YEP exists for a reason—to promote inspiring people, worthwhile endeavors, progressive ideas, and memorable stories. It’s pretty simple, which is why when we heard about Berkeley County BackPack (WV), we knew we needed to get the word out.
The coordinator of this young program is Jennifer Yeater, of Hedgesville, WV. Her involvement began when she was a member of Pampered Chefs, a home-based cooking business. At the time, she had been donating money to Feeding America—an organization with one goal: to feed hungry children in this country. As time passed, Yeater felt that her money wasn’t necessarily going far enough, and that she could perhaps take it to another level—the local level.
A frightening, and often overlooked, reality in this country is the overwhelming amount of children that continue to go hungry day in and day out. According to Feeding America’s website: “Nearly 14 million children are estimated to be served by Feeding America, over 3 million of which are ages 5 and under.” The site goes on to explain: “According to the USDA, over 16 million children lived in food insecure (low food security and very low food security) households in 2010.”
Feeding America’s mission is to “feed America’s hungry through a nationwide network of member food banks and engage our country in the fight to end hunger.” The organization utilizes a network of 200 member food banks nationwide, and provides over three billion pounds of food and grocery products every year. Within Feeding America is the BackPack program, which is designed to feed some of the more than eighteen million children in America that rely on free or reduced-priced food in school. Some of these youngsters simply come to school so they can eat.
Yeater discovered the program in her research and decided it was exactly what she was looking for—and something that would be perfect for Berkeley County. The program is designed to meet the needs of hungry children by providing child-friendly, nonperishable, easily consumed, and vitamin fortified food—discreetly distributed in backpacks to children on the last day before the weekend or holiday season.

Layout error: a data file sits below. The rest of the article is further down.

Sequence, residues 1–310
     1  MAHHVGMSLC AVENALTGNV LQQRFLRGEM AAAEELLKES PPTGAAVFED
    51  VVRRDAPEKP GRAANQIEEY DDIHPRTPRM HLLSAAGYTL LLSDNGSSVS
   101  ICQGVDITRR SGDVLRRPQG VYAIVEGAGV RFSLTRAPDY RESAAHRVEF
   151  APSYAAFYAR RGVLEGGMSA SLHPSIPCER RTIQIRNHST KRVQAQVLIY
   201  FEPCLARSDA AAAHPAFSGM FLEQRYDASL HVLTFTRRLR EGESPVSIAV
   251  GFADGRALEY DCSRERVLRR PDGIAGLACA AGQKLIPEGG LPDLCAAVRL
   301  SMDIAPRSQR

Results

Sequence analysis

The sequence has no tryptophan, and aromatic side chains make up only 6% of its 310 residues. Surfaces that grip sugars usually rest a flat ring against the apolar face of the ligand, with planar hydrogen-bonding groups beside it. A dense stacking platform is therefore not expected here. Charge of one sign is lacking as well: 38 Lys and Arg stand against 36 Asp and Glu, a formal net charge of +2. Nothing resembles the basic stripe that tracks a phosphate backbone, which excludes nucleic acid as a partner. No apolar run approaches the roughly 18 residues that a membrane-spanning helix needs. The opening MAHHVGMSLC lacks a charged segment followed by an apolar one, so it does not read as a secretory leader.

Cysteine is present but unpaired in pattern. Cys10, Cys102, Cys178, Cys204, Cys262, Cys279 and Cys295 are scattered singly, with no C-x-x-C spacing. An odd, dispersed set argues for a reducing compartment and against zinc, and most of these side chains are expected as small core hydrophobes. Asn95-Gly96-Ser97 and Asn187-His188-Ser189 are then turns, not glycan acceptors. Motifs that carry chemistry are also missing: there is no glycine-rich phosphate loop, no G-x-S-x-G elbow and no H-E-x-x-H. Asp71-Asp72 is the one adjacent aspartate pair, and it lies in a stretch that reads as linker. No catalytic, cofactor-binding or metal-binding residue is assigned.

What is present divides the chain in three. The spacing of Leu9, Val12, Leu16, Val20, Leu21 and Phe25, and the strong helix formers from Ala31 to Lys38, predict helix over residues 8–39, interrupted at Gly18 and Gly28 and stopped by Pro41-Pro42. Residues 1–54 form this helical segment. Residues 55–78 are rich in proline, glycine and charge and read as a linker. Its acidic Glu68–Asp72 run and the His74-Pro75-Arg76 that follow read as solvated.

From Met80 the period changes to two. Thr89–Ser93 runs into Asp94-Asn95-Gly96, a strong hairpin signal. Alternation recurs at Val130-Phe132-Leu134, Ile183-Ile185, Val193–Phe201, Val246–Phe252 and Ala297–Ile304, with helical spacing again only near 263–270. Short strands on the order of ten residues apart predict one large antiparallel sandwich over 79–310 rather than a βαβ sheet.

The program was officially approved by the National Council of Feeding America in 2006. There are now nearly 4,000 BackPack programs around the country, serving nearly 200,000 children. Thanks to Yeater, Berkeley County’s program began operating last year.
Under Yeater’s leadership, this is basically how it unfolds. A transport truck pulls into the old Lowe’s parking lot in Martinsburg on the first Thursday of every month. The truck is unloaded by volunteers, and the food is taken to the Hedgesville Assembly of God Church for storage. Guidance counselors at participating schools send confidential letters to parents, giving them the chance to have their children participate in the program. The food eventually makes its way into individual food-filled backpacks that end up in the hands and over the shoulders of the children who need them most. It’s a very discreet and endearing exchange—and one that can serve as either a simple reassurance or a life-changing act of kindness.
The food for Berkeley County is provided by Feeding America Mountaineer Food Bank, in Gassaway, WV. Yeater wants to remind the Eastern Panhandle, as well as the surrounding communities, that donations are always needed, and appreciated. There are two drop-off locations: Kisner Communications, in The Living Room (Berkeley Plaza, Martinsburg), and Bank of Charles Town, in Hedgesville. Donations are another way to support the program—any type of contribution ultimately leads to a hungry child in Berkeley County receiving some food to make it through the weekend, or a long holiday.
Eighty children received meals once a week last year through Berkeley County BackPack; the program hopes to feed at least one hundred this year. Some of the students were even able to receive services throughout the summer. Additionally, high school students are being added to the program this fall. All food allergies are addressed through the participating schools and guidance departments, and the program is even set up in such a way that students can share their food with siblings at home.